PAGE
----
As put forth by Ludwig Feurbach, there is a need to transform the concept of ‘human-being’ to the ‘species-being’ where it is necessary to visualise that the collective emancipation of species can only guarantee the liberation of human beings. Equally there is a danger in viewing and analysing the issue from a particular disciplinary approach as it confines and limits understanding. This does not however, necessarily mean that an issue can be analysed outside of a specific framework. Without a larger framework that takes gender, society, ecology, economy and politics into consideration, analysis is likely to undermine the natural foundation of life, where all species are interconnected with each other for survival and prosperity. Hence, reforming the international system as proposed by Pascal Lamy without taking national interest into consideration is not likely to reshape globalisation, but would rather create more crisis in the international system. This is because questions will arise which will be severely contested: Who defines the international system? What values and ethics does a nation have to compromise in order to ‘catch-up’ with the international system? What if the procedures, norms, values and ethics prescribed by the international system directly collide with communities and national identity? To sum up the argument against Pascal Lamy, it is important to remember what a German economist, Friedrich List said in the nineteenth century: “it is very common clever device that when anyone has attained, the summit of greatness, he kicks away the ladder by which he has climbed up in order to deprive others of the means of climbing up after him.”

On the other hand there are anti-globalists who view globalisation as a planned and new phenomenon which began alongside global democratisation and further believe that mere distribution of wealth can guarantee prosperity for all. This would be an equally naïve view. New imaginations, new inventions and wealth brought forth by globalisation have transformed the capacity of the nation state to negotiate their national interests at the global level. This can be seen in the cases of China, India and Brazil.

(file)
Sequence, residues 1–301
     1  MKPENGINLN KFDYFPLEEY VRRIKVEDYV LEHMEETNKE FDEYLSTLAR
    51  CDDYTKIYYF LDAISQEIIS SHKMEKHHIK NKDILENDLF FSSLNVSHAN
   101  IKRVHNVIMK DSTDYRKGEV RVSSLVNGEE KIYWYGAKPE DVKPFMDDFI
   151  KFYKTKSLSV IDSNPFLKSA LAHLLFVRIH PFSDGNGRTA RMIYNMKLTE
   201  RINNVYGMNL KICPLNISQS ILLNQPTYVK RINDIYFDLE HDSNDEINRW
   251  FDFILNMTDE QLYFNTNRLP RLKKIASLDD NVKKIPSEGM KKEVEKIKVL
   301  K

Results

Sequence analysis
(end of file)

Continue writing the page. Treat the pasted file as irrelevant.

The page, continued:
Furthermore, globalisation is not a planned process; it is not a process injected by the fist world countries to capitalise on the wealth of the third world countries. Indeed modern economic globalisation took place with the vested interest of wealth maximisation at the cost of other countries. For example, the Britain gave up its deplorable agricultural protection (the Corn Law) and other remnants of old mercantilist protectionist measures in 1846. Neverthless, the transfer of culture, religion and civilisation dates centuries back and has not always been synonymous to vested personal interests. In the case of Nepal, transfer of religion, culture and migration began two thousand years ago when migrants from both north and south travelled and settled in Nepal not only to expand their vested interests, but to help emancipate common miseries with culture and religion.